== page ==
Saturday, 8 July 2017

The Greeks have a word
for it: (11) chaos

Chaos on sale in a shop in Koutouloufari in Crete (Photograph: Patrick Comerford, 2017)

Patrick Comerford

Is the present economic disaster in Greece chaos, a crisis, a catastrophe or a disaster?

In Greek mythology, Chaos (Χάος) was the first thing to exist. Hesiod wrote ‘at first Chaos came to be,’ or was. But next, possibly out of Chaos, came Gaia, Tartarus, and Eros. Darkness, Night and the Ether were born from Chaos.

The Greek word χάος (chaos) is a neuter noun that means ‘yawning’ or ‘gap.’ But what, if anything, was on either side of this gap or chasm is not clear. For Hesiod, Chaos, like Tartarus, though personified enough to have given birth to children, was also a place, far away, underground and gloomy, and the Titans lived beyond this chaos.

For the Roman poet Ovid, Chaos was an unformed mass, where all the elements were jumbled up together in a shapeless heap.

In his comedy Birds, Aristophanes says that first there was Chaos, Night, Erebus, and Tartarus, from Night came Eros, and from Eros and Chaos came the race of birds.

A crisis (κρίσις, krísis) is any event that is going to or is expected to lead to an unstable and dangerous situation. Crises are deemed to be negative changes in life, especially when they occur abruptly, with little or no warning.

In ancient Greece, the word κρίσις referred to a separating, power of distinguishing, decision, choice, election, judgment or dispute. The word was derived from the word κρίνω (krínō), to pick out, separate, choose, decide or judge. It comes from the root krei-, to sieve, and so to discriminate or distinguish.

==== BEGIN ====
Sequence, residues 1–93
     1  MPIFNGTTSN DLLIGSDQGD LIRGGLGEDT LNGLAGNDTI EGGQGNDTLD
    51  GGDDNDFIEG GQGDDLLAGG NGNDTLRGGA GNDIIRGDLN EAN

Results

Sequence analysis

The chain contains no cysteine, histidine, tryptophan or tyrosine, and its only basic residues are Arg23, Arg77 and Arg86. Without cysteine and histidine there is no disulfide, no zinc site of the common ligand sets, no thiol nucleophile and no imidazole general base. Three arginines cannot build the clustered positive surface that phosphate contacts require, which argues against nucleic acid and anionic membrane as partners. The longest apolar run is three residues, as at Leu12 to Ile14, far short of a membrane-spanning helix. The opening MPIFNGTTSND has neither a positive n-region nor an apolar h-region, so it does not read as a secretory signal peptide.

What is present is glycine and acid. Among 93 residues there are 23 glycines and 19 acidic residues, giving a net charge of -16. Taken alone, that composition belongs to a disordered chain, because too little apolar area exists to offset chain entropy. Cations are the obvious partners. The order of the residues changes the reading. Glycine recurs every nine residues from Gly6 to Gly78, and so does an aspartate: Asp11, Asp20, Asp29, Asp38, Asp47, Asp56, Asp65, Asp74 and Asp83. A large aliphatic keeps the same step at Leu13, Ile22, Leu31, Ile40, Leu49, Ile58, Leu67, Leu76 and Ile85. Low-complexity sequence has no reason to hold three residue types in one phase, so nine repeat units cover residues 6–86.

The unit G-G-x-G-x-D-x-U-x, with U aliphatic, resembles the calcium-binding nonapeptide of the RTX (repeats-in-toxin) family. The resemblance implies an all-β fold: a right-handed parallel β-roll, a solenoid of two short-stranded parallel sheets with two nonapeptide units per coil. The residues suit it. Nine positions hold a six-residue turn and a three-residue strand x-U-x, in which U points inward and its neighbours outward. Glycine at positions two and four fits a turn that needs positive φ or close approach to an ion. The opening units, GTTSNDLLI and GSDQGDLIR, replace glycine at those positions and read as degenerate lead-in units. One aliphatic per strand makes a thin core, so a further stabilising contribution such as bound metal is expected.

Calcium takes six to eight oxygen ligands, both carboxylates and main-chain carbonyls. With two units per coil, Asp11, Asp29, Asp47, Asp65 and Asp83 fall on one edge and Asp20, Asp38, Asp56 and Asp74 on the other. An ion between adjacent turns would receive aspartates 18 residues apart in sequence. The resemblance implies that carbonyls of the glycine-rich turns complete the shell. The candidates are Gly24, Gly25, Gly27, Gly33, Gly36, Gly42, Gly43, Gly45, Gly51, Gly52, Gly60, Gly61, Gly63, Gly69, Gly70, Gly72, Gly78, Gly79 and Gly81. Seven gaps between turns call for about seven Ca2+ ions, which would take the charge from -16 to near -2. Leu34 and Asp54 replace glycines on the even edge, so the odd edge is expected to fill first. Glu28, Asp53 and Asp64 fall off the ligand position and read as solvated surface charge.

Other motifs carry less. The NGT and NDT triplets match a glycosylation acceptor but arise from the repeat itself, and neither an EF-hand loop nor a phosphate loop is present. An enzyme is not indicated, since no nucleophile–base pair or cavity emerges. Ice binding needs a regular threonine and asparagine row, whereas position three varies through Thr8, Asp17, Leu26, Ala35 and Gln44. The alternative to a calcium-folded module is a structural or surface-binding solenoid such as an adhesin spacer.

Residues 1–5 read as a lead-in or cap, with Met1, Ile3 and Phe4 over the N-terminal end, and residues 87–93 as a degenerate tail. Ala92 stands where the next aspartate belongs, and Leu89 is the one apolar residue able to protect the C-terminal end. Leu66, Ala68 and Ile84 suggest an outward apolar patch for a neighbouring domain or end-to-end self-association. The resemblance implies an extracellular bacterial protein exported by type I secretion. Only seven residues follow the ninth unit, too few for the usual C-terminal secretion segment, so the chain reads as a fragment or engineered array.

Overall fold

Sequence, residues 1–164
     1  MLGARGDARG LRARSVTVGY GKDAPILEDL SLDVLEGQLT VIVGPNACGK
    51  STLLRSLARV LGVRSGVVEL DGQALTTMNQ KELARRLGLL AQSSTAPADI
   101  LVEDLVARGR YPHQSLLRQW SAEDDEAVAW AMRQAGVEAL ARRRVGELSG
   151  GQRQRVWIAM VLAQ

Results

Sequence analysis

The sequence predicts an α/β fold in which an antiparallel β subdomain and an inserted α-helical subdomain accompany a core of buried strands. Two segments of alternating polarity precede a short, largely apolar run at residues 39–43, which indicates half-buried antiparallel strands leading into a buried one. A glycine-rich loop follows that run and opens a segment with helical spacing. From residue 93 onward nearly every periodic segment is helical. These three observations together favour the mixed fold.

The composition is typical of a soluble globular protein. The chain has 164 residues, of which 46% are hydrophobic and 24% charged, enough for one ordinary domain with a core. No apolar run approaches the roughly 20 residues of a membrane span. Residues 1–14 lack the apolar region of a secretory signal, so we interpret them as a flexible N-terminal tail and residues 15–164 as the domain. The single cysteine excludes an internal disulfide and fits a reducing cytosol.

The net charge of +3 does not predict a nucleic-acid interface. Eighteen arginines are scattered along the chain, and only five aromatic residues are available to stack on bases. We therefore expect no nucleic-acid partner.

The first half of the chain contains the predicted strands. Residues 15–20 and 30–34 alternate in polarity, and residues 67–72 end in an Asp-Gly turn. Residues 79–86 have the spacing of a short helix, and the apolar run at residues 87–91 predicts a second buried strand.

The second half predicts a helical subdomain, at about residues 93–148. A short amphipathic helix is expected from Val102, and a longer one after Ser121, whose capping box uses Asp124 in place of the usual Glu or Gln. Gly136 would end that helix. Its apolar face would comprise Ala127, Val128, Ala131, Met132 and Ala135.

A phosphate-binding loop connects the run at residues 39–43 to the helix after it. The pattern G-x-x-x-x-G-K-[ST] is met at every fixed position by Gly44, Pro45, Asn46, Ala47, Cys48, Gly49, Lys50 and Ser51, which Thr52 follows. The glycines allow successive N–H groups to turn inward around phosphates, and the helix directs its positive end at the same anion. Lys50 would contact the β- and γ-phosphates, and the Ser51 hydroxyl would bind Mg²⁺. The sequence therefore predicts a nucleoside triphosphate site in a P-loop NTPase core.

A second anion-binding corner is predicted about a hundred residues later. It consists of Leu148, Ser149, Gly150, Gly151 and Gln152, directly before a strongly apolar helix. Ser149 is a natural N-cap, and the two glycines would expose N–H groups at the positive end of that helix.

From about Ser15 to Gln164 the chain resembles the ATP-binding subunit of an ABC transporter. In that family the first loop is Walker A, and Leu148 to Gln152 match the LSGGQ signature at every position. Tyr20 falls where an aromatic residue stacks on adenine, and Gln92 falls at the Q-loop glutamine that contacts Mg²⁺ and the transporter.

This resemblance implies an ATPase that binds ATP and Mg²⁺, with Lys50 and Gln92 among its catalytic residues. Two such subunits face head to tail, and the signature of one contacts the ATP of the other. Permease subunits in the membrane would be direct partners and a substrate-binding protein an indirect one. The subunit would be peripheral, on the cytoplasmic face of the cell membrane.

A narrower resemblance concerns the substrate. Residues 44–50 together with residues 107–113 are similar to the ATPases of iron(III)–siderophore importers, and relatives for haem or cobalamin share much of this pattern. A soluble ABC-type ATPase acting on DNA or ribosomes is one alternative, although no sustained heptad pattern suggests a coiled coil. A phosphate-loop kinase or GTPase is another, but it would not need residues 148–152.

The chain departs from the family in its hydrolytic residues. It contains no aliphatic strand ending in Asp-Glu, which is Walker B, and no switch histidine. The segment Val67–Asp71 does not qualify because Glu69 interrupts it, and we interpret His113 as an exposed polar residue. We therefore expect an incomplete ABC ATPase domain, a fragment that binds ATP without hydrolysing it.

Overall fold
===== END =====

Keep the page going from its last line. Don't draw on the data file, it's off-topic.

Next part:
More specifically, a crisis in Greek was a decisive moment. Hippocrates and Galen used the Greek word krisis to refer to a turning point in a disease. It could also refer to a judgment that was a result of a trial or selection.

The Oxford Dictionary defines a crisis as ‘a time of intense difficulty or danger,’ while the Cambridge Dictionary describes a crisis as ‘a situation that has reached an extremely difficult or dangerous point; a time of great disagreement, uncertainty or suffering.’

The word catastrophe comes from the ancient Greek καταστροφή (katastrophḗ). The words καταστρέφω (katastréphō), ‘I overturn,’ and καταστρέϕειν (katastréphein) have their roots in κατά (kata, down, against) and στρέφω (stréphō, ‘I turn’).

In classical Greek literature, particularly the tragedies, the catastrophe is the final resolution in a poem or narrative plot that unravels the intrigue and brings the piece to a close. In comedies, this may be a marriage between main characters; in tragedies, it may be the death of one or more main characters. It is the final part of a play, following the protasis, epitasis, and catastasis.

The catastrophe is either simple or complex. In a simple catastrophe, there is no change in the state of the main characters, nor any discovery or unravelling. In a complex catastrophe, the main character undergoes a change of fortune, sometimes by means of a discovery.

Critics have long debated whether the catastrophe should always end happily and favourably on the side of virtue. Aristotle, for example, preferred a shocking catastrophe rather than a happy one.

The English word disaster is derived from Middle French désastre and that in turn came from the Old Italian disastro, which in turn comes from the Ancient Greek pejorative prefix δυσ- (dus-), ‘bad,’ and ἀστήρ (aster), ‘star.’ The idea that a calamity could be caused by bad star comes from a belief in astrology, and that what happens is dependent on the position of the stars and planets.

As for calamity, the English word is derived from the Middle French calamite, and through that from the Latin calamitās (‘loss, damage; disaster’), from clāmāre (‘to shout, proclaim, declare, cry out’).

The Greek political vocabulary is laden with enough chaos, crises, and catastrophes without needing to add a Latin calamity to the woes of today.

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